After the period of darkness had passed and Brouillard opened his eyes again upon the world of things as they are, he had a confused idea that he had overslept shamefully and that the indulgence had given him a bad headache.
The next thought was that the headache was responsible for a set of singular hallucinations. His blanket bunk in the sleeping shack seemed to have transformed itself into a white bed with pillows and snowy sheets, and the bed was drawn up beside an open window through which he could look out, or seem to look out, upon a vast sea dimpling in the breeze and reflecting the sunshine so brightly that it made his headache a darting agony.
When he turned his face to escape the blinding glare of the sun on the sea the hallucinations became soothingly comforting, not to say ecstatic. Some one was sitting on the edge of the bed; a cool hand was laid on his forehead; and when he could again see straight he found himself looking up into a pair of violet eyes in which the tears were trembling.
"You are Amy – and this is that other world you used to talk about, isn't it?" he asked feebly.
The cool hand slipped from his forehead to his lips, as if to warn him that he must not talk, and he went through the motions of kissing it. When it was withdrawn he broke the silent prohibition promptly.
"The way to keep me from talking is to do it all yourself; what happened to me last night?"
She shook her head sorrowfully.
"The 'last night' you mean was three weeks ago. Stevie was trying to shoot Mr. Cortwright in your office and you got between them. Do you remember that?"
"Perfectly," he said. "But it still seems as if it were only last night. Where am I now? – not that it makes any difference, so long as I'm with you."
"You are at home – our home; at the 'Little Susan.' Mr. Leshington had the men carry you up here, and Mr. Ford ran a special train all the way from Denver with the doctors. Stevie's bullet struck you in the head, and – and we all thought you were going to die."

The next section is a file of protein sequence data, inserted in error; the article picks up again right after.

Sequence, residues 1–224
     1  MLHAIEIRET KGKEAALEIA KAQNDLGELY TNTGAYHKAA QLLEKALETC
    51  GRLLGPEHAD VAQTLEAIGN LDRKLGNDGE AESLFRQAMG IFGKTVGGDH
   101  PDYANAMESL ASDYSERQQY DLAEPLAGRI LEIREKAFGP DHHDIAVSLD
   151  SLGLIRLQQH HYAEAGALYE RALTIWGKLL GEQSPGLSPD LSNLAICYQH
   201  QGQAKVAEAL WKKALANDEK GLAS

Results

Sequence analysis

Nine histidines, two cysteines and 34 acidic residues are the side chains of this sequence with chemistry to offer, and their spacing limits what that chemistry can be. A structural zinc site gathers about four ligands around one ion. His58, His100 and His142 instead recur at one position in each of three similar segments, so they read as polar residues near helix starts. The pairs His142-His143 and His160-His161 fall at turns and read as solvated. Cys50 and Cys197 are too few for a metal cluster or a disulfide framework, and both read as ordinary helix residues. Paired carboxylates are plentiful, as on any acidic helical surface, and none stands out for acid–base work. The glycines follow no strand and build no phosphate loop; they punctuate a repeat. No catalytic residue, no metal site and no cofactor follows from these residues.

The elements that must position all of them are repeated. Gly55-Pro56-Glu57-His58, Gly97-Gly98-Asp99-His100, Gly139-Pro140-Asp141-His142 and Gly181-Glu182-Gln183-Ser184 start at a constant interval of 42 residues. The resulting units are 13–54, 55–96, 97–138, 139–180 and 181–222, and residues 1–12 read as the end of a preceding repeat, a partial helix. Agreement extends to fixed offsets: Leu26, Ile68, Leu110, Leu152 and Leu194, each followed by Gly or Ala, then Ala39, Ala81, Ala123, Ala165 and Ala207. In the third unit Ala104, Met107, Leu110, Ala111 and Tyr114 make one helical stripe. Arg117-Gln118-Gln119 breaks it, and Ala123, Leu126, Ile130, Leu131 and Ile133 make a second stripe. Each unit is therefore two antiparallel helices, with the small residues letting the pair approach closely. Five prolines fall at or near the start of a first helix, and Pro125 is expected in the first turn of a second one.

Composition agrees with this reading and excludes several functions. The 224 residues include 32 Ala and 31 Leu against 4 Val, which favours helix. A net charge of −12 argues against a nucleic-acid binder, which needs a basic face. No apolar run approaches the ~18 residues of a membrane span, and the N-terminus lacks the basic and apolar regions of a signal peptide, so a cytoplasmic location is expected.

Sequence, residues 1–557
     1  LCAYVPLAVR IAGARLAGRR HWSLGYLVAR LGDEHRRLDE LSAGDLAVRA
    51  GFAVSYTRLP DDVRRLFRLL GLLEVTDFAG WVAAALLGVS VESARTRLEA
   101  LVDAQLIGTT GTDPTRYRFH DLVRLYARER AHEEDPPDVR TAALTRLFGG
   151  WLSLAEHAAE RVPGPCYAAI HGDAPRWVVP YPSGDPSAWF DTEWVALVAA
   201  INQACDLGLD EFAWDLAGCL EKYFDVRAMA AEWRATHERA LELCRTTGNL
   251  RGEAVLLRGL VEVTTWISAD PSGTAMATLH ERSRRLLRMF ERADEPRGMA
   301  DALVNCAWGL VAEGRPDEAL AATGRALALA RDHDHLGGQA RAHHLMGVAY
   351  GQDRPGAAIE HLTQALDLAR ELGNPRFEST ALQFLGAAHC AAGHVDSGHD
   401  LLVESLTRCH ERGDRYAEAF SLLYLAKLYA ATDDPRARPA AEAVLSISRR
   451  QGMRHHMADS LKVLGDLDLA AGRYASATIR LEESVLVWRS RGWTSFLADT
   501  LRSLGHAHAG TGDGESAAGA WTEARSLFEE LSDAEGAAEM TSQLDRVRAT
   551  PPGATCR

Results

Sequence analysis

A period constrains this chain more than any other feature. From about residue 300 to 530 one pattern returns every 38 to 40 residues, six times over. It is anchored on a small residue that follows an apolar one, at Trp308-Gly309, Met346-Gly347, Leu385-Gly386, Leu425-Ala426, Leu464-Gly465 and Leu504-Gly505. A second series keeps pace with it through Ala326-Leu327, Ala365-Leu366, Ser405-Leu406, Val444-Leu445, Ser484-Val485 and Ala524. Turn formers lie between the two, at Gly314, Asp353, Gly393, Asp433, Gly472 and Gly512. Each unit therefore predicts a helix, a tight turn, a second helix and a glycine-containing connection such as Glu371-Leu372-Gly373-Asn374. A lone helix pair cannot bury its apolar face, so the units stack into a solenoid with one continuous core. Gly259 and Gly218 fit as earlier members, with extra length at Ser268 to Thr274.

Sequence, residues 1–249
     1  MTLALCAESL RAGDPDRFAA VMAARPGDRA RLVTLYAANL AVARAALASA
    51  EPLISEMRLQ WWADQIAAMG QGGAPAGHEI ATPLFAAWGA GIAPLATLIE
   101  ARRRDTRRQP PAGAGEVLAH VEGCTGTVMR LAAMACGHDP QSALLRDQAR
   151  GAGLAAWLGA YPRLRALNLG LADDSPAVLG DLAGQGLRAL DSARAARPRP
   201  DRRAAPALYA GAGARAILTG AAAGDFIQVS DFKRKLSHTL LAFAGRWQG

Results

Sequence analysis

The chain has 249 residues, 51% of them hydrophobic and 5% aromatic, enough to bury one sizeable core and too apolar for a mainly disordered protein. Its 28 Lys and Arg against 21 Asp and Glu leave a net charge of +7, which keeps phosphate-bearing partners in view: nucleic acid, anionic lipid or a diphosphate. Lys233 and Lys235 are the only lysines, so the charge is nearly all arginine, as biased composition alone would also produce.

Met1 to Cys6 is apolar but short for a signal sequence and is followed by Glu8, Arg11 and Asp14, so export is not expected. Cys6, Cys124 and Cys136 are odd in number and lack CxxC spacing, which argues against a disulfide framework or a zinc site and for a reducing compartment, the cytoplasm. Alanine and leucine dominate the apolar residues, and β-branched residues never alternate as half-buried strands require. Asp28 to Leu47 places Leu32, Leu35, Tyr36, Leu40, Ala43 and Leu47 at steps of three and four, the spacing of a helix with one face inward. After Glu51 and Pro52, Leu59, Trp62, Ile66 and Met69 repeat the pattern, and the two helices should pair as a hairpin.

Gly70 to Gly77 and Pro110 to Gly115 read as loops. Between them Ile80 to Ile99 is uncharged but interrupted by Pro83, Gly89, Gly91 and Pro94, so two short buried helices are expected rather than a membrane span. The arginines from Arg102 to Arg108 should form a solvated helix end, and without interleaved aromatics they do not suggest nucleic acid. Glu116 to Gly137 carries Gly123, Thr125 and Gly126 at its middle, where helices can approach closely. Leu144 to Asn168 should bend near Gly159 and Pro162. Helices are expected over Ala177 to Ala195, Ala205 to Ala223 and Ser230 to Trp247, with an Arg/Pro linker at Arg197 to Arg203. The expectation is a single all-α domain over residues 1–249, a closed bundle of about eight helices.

"I'm not," he asserted, in feebly desperate determination. "I'm going to live and get to work and earn a hundred thousand dollars, so I can say: 'Come, little girl – '"
Again the restraining hand was laid upon his lips, and again he went through the motions of kissing it.
"You mustn't talk!" she insisted. "You said you'd let me." And when he made the sign of acquiescence, she went on: "At first the doctors wouldn't give us any hope at all; they said you might live, but you'd – you'd never – never remember – never have your reason again. But yesterday – "
"Please!" he pleaded. "That's more than enough about me. I want to know what happened."
"That night, you mean? All the things that you had planned for. Father got the mine back, and Mr. Leshington and the others got the riot quelled after about half of the city was burned."
"But Cortwright and Schermerhorn – I promised them – "
"Mr. Leshington carried out your promise and helped them get the money out of the bank vault before the mob sacked the Niquoia Building and dynamited it. But at the hotel they were arrested on the order of the bank examiner, and everything was taken away from them. We haven't heard yet what is going to be done with them."
"And Gomorrah?" he asked.
She slipped an arm under his shoulders and raised him so he could look out upon the mountain-girt sea dimpling under the morning breeze.
"There is where it was," she said soberly, "where it was, and is not, and never will be again, thank God! Mr. Leshington waited until everybody had escaped, and then he shut the waste-way gates."
Brouillard sank back upon the pillows of comfort and closed his eyes.
"Then it's all up to me and the hundred thousand," he whispered. "And I'll get it … honestly, this time."
The violet eyes were smiling when he looked into them again.
"Is she – the one incomparable she – worth it, Victor?"
"Her price is above rubies, as I told you once a long time ago."
"You wouldn't let pride – a false pride – stand in the way of her happiness?"
"I haven't any; her love has made me very humble and – and good, Amy, dear. Don't laugh: it's the only word; I'm just hungering and thirsting after righteousness enough to be half-way worthy of her."
"Then I'll tell you something else that has happened. Father and Stevie have reorganized the 'Little Susan' Mining Company, dividing the stock into four equal parts – one for each of us. You must take your share, Victor. It will break father's heart if you don't. He says you got it back for him after it was hopelessly lost, and that is true."
He had closed his eyes again, and what he said seemed totally irrelevant.
"'And after the man had climbed the fourth mountain through all its seven stages, he saw a bright light, and it blinded him so that he stumbled and fell, and a great darkness rose up to make the light seem far beyond his reach. Then the light came near, and he saw that it was Love, and that the darkness was in his own soul.' … Kiss me, Amy, girl, and then go and tell your father that he is a simple-hearted old spendthrift, and I love him. And if you could wire Castner, and tell him to bring a license along – "
"O boy – foolish boy!" she said. "Wait: when you are well and strong again…"
But she did not make him wait for the first of the askings; and after a healing silence had fallen to show the needlessness of speech between those who have come through darkness into light, he fell asleep again, perhaps to dream that the quieting hand upon his forehead was the touch of Love, angel of the bright and shining way, summoning him to rise up and go forward as a soul set free to meet the dawning day of fruition.